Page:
Unfortunately the assertion that our “personal feelings on the matter” should not dictate how we create/ garner policy is wrong from not only a present but a historical standpoint. I do agree, however, “that Planned Parenthood today, or abortion in general, is [not] a racially motivated conspiracy.” However, I do know that history can give us a great view of the trajectory of any person or organization and it seems to do so yet again in this case. PP is not doing the Black and Hispanic community some service by duplicating what schools, [free] health clinics, Medicare/ Medicaid, churches, and many other non-profit organizations do so much better without offering abortions. Here are some myths that need to be dispelled.

    Myth 1: Planned Parenthood offers “choices”to women. While Planned Parenthood claims it is all about “choice,” the 2008 service figures show that 96.5 percent of pregnant women who received maternity-related “services” from Planned Parenthood aborted their children, with only 3.5 percent receiving prenatal care or adoption referrals.

    Myth 2: Planned Parenthood is working to reduce abortions. While many Americans continue to believe the urban legend that Planned Parenthood is in the business of reducing abortions through birth control and sex education, the numbers tell a different story.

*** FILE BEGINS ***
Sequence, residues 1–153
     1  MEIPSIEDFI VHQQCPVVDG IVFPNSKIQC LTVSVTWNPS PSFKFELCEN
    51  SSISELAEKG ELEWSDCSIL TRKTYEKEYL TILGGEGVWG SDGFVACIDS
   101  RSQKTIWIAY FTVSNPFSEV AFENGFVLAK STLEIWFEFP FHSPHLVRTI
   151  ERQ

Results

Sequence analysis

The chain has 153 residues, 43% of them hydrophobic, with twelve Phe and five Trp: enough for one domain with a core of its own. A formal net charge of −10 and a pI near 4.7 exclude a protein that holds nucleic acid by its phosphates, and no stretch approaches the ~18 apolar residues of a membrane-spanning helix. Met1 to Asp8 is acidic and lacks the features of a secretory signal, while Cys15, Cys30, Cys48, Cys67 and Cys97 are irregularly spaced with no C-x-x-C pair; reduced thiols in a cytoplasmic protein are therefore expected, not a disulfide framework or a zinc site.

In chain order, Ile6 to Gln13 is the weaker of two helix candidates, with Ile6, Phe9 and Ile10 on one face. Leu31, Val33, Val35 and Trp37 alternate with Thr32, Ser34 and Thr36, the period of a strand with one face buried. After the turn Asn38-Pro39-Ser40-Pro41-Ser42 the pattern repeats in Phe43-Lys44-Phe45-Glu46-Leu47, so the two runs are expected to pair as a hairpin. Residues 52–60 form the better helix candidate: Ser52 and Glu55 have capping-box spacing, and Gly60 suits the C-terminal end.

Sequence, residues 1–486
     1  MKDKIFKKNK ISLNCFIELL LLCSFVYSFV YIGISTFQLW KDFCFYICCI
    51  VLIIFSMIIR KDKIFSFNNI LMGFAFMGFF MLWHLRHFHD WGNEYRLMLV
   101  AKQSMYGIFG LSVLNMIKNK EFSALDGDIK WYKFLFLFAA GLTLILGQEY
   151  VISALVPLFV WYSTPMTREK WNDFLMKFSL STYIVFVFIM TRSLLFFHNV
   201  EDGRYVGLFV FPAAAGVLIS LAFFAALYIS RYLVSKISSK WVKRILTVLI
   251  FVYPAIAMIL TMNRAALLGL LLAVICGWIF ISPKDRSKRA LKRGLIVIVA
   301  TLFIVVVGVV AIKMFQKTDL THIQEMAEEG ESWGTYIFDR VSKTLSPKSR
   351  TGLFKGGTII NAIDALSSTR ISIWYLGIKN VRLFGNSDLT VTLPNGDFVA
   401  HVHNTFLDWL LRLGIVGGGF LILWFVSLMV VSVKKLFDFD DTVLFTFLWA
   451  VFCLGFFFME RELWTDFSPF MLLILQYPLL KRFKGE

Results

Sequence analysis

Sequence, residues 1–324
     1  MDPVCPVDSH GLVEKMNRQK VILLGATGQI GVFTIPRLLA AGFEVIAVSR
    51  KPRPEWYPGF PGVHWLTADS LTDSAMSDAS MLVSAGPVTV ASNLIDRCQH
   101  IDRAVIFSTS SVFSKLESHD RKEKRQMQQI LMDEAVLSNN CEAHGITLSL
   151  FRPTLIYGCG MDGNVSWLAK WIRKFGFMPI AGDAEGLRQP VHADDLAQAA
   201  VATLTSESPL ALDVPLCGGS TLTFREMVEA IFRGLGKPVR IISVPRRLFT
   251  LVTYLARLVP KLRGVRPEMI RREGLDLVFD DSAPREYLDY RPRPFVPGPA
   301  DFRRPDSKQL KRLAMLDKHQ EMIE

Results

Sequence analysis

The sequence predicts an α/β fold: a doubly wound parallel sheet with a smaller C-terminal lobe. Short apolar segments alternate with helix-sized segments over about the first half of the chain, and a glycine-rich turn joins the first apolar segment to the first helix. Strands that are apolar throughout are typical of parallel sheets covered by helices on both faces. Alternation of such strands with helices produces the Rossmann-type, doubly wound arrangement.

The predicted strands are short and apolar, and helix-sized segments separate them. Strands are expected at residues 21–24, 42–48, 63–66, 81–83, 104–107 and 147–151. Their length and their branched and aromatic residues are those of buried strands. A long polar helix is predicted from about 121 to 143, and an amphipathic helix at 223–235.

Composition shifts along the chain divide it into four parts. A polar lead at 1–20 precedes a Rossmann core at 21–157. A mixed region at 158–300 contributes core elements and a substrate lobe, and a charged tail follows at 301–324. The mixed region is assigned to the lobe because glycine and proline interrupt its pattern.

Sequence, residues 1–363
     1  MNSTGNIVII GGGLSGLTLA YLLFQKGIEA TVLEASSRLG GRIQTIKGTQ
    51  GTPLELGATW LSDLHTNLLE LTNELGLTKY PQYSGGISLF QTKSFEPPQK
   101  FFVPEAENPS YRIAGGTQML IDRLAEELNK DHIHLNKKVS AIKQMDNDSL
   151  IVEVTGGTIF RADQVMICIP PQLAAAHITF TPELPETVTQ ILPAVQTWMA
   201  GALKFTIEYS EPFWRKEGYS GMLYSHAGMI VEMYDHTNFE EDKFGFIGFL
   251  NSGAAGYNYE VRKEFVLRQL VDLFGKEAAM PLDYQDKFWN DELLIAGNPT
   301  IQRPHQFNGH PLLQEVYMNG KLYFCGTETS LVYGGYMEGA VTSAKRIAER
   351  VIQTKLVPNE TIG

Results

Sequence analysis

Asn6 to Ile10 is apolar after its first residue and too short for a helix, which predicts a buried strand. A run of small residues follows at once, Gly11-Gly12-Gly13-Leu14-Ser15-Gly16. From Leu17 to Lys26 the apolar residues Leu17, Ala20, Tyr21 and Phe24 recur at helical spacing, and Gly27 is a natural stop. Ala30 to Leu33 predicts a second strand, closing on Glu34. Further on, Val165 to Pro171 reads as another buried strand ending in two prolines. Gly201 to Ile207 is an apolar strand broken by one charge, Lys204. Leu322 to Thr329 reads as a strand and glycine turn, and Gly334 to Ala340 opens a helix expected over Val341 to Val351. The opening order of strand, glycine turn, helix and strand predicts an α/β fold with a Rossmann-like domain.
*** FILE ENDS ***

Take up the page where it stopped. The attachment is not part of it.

The year 2011 marked the 29th consecutive year Planned Parenthood increased its share of the U.S. abortion market, by performing 329,445 abortions. All told, Planned Parenthood affiliates brought in an estimated $160 million via its abortion business.

    Another disturbing trend is Planned Parenthood’s uncanny ability to monopolize and profit off a “service” on the decline. Nationwide, abortion numbers fell dramatically in the 1990s and into the beginning of the millennium. But while national rates were going down, Planned Parenthood managed to more than triple its share of the market. In 1990, Planned Parenthood performed 8 percent of U.S. abortions. By 2008, its share of the abortion market had catapulted to 26.8 percent.

    We can disagree morally or whether or not we feel our personal feelings belong in the debate but remove all of those factors and just look at the facts and you will see this and many more things that show a “disturbing”, at best, trend of this company.

    Again, Thank you so much for taking the time to respond. I hope this leads us to discuss and discover more about this controversial subject.

  4. I like the Crisis Pregnancy Center. They give women free and low cost health care and the one I volunteered at helped gather baby stuff for the new babies, counseled women who had gone through abortions, directed people to adoption options etc. They did NOT kill the babies. Planned Parenthood does not consider the babies at all.